Barbecue for the bravest brings out hero in everyone
Stories like that of Marine Cpl. Todd Nicely make the work going into an annual Frankfort barbecue fundraiser event more than worthwhile, a co-organizer of the event said.
Nicely was left a quadruple amputee by an explosion in Afghanistan. The fundraiser, which is scheduled for Friday, Sept. 8, is aimed at raising $100,000 to build specialized housing for multi-amputee military service members in the United States.
"You look at them and you realize, 'That could be my son; that could be my husband,'" Gayla Smith, president and co-organizer of Midwest BBQ for the Brave, told the Rock Island Today. "We have to care of them."
Smith said she and other organizers are expecting 1,500 or more to turn out for the barbecue, which will run from 6 to 11 p.m. at CD & ME at 23320 S. LaGrange Road. It will be staffed entirely by volunteers.
Most of the donations go to the Building for America's Bravest, a program of the Stephen Siller Tunnel to Towers Foundation, while smaller amounts fund special requests for veterans with housing needs.
"They're very good stewards of our donation dollars," Smith said. "None of the Board Members of the Stephen Siller Tunnel to Towers Foundation take salaries. Just like us, they are people who want to help these veterans."
Nicely, an Arnold, Missouri, native was 26 in 2010 when he led a squad of 12 infantry Marines on a security foot patrol near a bridge in Lakari, Helmand province, in southern Afghanistan.
"It was just a normal, quiet day," Nicely recalls in the YouTube video that also shows off the "smart home" later built for him. "We had a month left before we came back [home]. On the way back to the patrol base, I decided to cross the bridge to get over and across the canal. I went first."
Nicely’s footstep set off a pressure plate on an improvised explosive device.
"The explosion was loud," he said. "I knew at that point that I had been hit."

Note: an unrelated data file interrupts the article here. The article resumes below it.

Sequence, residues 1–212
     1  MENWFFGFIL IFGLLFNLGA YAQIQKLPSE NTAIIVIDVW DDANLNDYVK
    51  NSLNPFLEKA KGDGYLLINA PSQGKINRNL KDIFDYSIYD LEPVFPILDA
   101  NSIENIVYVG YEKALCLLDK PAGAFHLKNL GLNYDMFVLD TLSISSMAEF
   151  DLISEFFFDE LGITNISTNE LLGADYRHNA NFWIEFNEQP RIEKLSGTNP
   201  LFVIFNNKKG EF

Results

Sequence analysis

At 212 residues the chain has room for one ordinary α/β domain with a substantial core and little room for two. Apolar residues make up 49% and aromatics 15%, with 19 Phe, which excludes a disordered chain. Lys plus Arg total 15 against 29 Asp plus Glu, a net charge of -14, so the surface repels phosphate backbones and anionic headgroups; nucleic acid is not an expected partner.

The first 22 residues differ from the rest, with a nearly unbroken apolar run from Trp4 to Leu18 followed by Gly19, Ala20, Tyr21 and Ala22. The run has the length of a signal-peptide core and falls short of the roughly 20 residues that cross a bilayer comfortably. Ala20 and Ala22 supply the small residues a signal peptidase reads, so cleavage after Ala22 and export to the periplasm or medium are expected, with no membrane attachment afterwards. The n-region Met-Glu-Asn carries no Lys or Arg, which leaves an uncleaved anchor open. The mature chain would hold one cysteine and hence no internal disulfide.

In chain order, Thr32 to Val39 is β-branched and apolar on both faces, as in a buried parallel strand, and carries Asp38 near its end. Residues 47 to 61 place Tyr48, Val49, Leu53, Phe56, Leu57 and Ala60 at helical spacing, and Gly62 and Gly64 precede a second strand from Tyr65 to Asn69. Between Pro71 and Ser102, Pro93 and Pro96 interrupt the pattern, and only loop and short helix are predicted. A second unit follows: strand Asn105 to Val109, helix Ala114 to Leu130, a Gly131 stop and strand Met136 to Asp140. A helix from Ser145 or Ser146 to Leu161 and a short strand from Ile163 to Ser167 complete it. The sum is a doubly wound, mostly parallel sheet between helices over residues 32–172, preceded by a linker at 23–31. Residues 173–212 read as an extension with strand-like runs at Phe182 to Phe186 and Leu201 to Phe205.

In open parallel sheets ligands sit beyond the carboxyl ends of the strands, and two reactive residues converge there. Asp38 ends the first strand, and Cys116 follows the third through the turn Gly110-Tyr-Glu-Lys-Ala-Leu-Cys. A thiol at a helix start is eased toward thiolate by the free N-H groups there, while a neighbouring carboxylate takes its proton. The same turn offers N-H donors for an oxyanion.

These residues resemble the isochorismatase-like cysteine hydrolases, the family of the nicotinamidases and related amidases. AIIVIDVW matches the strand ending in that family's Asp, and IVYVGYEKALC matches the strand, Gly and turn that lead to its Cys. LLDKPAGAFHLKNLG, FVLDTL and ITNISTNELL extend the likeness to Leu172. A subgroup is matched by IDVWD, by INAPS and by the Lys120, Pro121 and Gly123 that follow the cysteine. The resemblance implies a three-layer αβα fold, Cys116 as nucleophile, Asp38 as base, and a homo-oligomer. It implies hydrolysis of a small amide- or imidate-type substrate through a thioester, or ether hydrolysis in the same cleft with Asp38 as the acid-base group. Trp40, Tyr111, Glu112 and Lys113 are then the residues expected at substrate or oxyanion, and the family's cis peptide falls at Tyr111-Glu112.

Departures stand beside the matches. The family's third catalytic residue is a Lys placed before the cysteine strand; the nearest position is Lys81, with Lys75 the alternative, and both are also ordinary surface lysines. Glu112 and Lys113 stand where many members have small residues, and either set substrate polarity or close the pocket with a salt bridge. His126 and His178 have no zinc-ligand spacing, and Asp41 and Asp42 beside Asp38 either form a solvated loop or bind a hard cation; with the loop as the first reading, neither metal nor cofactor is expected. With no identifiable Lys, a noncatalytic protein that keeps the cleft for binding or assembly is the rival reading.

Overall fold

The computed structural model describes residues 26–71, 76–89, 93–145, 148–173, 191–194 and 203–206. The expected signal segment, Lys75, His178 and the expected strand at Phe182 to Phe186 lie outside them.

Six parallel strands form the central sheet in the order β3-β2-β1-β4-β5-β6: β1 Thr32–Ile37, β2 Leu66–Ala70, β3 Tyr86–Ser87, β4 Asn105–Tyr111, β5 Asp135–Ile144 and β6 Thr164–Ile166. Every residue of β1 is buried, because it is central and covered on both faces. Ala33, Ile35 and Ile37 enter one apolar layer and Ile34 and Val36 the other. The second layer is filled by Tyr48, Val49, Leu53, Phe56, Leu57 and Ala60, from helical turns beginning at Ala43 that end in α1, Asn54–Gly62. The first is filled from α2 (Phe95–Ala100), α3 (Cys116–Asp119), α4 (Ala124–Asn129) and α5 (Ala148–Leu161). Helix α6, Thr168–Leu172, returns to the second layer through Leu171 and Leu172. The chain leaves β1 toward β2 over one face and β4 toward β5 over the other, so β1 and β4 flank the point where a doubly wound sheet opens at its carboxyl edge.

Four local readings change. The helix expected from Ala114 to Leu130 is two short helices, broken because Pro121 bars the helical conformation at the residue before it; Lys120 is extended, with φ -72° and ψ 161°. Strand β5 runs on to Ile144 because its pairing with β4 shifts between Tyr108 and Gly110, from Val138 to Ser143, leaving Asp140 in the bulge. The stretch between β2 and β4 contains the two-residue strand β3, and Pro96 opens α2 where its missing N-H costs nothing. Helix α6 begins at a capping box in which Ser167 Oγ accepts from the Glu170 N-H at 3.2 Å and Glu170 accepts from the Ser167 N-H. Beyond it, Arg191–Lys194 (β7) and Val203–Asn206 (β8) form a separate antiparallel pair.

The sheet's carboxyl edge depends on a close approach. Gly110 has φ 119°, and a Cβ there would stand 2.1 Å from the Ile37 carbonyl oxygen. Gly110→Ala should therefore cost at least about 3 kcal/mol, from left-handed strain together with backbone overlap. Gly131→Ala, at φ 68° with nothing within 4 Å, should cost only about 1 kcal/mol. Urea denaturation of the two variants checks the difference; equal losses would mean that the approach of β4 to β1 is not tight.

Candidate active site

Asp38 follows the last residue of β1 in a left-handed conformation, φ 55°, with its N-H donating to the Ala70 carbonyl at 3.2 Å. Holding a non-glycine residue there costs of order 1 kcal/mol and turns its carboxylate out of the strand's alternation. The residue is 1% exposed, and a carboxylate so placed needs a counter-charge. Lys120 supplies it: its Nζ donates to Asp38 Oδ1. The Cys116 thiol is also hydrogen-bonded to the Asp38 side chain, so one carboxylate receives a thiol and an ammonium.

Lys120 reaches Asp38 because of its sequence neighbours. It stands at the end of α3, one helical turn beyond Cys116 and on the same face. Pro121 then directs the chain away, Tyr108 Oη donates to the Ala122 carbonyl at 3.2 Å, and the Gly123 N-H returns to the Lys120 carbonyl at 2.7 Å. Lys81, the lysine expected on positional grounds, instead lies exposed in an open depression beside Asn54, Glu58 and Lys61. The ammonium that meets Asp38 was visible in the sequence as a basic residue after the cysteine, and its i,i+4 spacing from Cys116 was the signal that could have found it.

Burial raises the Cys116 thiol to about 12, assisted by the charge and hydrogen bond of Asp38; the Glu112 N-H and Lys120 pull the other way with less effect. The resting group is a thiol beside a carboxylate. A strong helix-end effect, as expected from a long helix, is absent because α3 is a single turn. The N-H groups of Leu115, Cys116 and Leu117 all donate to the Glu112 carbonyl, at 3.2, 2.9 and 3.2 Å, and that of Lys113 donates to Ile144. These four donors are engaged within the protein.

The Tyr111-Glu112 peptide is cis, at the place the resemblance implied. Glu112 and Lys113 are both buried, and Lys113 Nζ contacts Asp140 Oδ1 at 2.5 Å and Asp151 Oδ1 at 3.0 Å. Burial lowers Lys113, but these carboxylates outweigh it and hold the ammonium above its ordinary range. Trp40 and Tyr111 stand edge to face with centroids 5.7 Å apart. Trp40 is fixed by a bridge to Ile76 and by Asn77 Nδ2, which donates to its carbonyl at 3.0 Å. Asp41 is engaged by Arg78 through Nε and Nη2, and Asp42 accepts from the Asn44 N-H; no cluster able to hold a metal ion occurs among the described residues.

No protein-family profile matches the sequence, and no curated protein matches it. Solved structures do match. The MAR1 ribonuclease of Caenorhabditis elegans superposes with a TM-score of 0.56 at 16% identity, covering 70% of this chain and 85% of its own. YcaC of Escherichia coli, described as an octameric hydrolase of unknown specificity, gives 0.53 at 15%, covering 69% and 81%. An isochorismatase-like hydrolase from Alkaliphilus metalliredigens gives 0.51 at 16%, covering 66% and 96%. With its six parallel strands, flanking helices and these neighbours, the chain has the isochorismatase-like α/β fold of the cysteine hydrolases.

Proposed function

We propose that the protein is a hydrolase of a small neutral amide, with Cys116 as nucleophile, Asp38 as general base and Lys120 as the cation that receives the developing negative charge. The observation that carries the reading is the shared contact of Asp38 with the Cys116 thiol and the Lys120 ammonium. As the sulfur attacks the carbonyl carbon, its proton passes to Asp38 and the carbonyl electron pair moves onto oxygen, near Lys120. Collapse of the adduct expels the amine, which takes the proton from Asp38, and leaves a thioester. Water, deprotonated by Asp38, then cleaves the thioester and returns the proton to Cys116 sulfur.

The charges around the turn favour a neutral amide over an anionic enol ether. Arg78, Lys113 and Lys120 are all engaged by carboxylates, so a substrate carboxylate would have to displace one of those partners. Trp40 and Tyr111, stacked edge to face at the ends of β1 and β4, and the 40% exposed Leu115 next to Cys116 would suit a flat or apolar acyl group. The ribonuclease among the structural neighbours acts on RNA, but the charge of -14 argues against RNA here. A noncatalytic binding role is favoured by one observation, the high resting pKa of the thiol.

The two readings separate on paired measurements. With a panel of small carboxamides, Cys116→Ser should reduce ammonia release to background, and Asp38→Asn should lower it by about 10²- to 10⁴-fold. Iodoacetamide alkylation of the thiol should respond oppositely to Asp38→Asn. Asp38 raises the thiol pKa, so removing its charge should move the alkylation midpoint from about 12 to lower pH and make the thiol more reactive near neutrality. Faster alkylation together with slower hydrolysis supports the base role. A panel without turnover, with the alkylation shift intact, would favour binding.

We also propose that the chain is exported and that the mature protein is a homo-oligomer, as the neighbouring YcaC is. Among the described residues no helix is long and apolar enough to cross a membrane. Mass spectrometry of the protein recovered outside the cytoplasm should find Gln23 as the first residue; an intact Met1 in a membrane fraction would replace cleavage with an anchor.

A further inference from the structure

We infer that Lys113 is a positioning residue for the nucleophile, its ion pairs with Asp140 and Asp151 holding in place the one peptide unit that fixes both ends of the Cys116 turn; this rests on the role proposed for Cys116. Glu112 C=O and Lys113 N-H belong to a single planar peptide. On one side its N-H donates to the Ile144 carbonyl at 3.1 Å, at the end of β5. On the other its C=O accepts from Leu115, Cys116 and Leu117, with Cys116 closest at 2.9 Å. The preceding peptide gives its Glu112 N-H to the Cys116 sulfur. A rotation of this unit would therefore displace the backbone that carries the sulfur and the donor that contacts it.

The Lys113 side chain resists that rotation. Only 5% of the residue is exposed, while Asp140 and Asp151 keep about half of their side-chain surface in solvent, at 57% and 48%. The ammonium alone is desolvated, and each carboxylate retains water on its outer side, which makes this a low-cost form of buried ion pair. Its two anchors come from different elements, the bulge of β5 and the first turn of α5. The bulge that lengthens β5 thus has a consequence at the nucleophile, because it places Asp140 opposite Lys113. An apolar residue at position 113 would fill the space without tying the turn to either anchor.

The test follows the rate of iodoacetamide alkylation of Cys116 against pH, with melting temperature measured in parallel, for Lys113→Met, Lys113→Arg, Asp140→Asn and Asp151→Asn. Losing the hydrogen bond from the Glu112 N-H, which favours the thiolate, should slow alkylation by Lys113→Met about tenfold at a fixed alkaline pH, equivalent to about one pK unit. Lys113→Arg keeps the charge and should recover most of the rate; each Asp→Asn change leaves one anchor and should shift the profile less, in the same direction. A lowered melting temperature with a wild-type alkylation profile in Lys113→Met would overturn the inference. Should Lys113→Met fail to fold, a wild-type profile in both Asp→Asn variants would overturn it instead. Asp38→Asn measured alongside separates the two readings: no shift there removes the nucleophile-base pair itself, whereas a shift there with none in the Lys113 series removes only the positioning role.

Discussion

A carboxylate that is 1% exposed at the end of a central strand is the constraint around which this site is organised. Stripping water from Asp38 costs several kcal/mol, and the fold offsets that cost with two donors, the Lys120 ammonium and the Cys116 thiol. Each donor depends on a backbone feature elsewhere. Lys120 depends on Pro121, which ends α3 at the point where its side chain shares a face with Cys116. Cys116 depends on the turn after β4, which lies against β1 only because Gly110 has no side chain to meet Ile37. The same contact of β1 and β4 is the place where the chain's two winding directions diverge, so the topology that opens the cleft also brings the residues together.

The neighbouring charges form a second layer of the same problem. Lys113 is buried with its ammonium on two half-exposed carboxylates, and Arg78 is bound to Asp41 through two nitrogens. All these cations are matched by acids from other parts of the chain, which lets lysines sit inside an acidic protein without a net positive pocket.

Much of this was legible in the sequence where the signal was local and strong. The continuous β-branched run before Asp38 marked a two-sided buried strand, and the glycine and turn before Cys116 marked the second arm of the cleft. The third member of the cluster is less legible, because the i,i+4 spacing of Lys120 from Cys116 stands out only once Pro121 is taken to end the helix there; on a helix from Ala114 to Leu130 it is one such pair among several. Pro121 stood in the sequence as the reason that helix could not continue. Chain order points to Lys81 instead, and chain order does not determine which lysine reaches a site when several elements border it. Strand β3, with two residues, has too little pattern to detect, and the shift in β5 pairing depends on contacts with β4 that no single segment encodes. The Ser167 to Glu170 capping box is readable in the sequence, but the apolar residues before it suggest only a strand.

Nicely was rushed via helicopter to an area military hospital and then to Walter Reed Medical Center Army in Bethesda, Maryland, where he underwent rehabilitation, including relearning how to walk and live with carbon fiber prosthetic limbs.
Nicely received the Silver Star, the Medal of Valor and the Purple Heart.
"They came up to me and said, 'We're going to build you a home,"" Nicely said. "And I was like, 'People really do that?'"
"I'm grateful that someone was able to step up and build me a home like this," Nicely said.
He received the keys to his new home in June 2012. That same year, Smith and her husband, Jim, hosted a backyard barbecue for Building for America’s Bravest, raising $2,000 in what turned out to be the first of an annual event.
"It just kept growing and growing," Smith said.
Very few sponsors and area residents have told her "no," Smith said.
"What we've found is that people want to help," she said. "They call us right back and they ask us, 'What do you need; how can we help?'"
The event is now a 501(c)(3) organization with GoFundMe and Facebook pages. Smith also credited a lot of hard work by the event's board of directors and other volunteers who make it a greater success every year.
"I promise you, it all goes to help our veterans," Smith said. "Many of them would be unable to live independently otherwise. The houses built for them help to make it possible for them to live independently."